Litigation avoidance

Litigation avoidance

14:44 26 May in Blog, Commercial Dispute Resolution, Dispute Resolution & Litigation, Keith Hardington articles, Walker Foster

Many are adept negotiators in daily life and in business but require help when negotiating a commercial dispute.  When you have exhausted your own efforts to negotiate let us apply our skills, knowledge and commercial realism in negotiating on your behalf.

Here is a common scenario.  One side instructs a lawyer who takes a robust approach in support of his client.  The other side’s lawyer responds equally robustly.  Much (expensive) correspondence is exchanged and eventually the parties get round to exchanging evidence in the form of documents and written witness statements.  A strong case may no longer look strong in the light of the evidence now available and the other side’s case suddenly seems plausible.  By this point the parties are knee deep in the quicksand.  If a party stops its case it will have to pay at least its own costs and possibly the other side’s costs as well.  So they press on to trial at the risk of complete submersion.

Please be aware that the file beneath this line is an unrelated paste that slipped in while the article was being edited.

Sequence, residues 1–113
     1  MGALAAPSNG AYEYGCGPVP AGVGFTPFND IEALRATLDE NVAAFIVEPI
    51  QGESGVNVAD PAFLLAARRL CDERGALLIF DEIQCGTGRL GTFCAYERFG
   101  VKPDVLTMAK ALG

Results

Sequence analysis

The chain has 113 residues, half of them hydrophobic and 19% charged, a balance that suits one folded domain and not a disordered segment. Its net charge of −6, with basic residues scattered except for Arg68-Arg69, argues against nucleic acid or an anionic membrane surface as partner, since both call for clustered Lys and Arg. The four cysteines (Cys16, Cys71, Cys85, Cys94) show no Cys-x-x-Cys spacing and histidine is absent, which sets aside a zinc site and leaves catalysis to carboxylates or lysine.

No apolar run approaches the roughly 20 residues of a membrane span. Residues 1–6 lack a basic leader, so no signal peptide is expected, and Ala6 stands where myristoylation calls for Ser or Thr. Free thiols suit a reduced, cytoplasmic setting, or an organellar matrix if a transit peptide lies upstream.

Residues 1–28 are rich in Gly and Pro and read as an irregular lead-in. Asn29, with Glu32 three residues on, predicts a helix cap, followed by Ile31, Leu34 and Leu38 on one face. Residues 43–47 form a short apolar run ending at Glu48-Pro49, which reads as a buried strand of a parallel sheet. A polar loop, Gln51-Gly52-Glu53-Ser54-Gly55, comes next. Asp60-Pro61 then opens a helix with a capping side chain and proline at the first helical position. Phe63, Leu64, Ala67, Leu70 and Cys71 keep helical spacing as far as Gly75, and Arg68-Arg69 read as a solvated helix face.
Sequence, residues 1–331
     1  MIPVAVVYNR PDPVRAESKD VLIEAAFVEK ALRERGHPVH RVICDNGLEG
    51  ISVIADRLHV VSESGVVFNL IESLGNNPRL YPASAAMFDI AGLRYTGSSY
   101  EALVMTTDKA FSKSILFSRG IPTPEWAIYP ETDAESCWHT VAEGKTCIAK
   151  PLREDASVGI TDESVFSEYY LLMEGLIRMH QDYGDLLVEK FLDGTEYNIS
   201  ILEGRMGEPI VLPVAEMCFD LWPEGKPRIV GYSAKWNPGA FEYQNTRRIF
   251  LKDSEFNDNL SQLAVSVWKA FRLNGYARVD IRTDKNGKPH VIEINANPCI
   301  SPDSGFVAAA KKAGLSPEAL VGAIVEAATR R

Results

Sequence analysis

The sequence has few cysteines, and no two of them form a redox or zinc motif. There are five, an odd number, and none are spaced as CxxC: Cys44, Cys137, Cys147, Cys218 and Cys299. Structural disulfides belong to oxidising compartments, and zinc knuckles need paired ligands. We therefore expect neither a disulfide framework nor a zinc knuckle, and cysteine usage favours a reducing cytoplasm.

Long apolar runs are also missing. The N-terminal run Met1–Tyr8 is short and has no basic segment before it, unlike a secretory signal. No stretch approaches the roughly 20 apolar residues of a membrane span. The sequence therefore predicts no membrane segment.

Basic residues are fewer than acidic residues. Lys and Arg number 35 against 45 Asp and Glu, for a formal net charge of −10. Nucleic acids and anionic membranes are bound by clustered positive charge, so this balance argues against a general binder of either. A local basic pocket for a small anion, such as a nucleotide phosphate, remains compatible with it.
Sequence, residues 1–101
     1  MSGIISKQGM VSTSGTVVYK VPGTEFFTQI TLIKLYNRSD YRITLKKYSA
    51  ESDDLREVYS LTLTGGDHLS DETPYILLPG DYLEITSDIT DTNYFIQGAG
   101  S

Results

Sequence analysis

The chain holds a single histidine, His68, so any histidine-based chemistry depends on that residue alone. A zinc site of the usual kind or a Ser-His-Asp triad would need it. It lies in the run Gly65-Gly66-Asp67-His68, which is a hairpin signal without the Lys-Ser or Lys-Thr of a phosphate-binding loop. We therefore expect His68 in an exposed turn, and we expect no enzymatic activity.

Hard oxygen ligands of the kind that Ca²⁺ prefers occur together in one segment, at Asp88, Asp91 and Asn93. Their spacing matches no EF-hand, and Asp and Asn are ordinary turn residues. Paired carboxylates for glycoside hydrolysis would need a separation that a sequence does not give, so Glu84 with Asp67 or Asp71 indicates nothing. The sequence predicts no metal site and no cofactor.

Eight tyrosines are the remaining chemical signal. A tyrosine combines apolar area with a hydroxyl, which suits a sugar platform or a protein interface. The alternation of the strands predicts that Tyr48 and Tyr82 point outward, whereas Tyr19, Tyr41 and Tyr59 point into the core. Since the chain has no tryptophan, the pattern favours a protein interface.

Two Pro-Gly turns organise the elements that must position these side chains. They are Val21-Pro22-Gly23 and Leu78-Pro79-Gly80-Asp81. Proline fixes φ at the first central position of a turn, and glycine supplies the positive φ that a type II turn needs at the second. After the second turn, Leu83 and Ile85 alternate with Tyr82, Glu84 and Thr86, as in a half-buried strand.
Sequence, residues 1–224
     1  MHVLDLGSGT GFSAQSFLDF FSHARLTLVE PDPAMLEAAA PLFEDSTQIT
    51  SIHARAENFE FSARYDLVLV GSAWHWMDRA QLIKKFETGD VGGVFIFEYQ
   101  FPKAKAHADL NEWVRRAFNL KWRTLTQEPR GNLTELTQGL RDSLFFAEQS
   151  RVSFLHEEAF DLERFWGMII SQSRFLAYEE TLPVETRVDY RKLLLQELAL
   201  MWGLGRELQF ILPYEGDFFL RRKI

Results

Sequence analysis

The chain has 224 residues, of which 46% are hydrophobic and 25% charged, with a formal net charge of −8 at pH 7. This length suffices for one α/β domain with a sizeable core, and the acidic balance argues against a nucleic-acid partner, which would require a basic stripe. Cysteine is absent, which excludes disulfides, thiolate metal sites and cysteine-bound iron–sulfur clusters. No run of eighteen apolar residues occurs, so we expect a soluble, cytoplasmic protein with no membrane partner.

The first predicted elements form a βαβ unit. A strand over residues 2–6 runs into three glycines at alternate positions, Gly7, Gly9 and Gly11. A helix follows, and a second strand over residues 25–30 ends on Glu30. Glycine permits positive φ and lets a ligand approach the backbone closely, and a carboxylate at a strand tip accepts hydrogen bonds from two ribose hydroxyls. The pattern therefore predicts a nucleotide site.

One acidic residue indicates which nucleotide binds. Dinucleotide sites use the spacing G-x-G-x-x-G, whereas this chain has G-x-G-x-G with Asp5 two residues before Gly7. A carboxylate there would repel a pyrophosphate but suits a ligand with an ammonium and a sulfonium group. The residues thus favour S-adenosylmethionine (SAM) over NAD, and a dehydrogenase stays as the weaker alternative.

Negotiation is communication intended to reach a compromise.  Yes you read that correctly.  I do not suggest ‘victory’ as the sensible objective to dispute resolution.  Everybody loses something in litigation, so don’t insist on absolute victory in negotiation; win/win if you can.

The process involves examining the facts, revealing the common and opposing interests of the parties and then bargaining to solve as many issues as possible. Preparation is absolutely essential.

What are the parties’ needs and assumptions?  It is incredible how much money will be spent in litigation before the parties have any real understanding of what really lies behind each other’s case, what risks they face and that there are ways out. A catalyst to focus minds is usually required such as trial or a formal mediation but a meeting around the table at an early stage can also achieve this.

A desire to negotiate is not a sign of weakness.  It is strength.  It is not necessary to wait until you’re up to your knees in it.

I may be talking myself out of work here but as another wise US President said, “Discourage litigation.  Persuade your neighbors to compromise whenever you can.  As a peacemaker the lawyer has superior opportunity of being a good man.  There will still be business enough.” (Abraham Lincoln).   –

Keith Hardington

Keith Hardington

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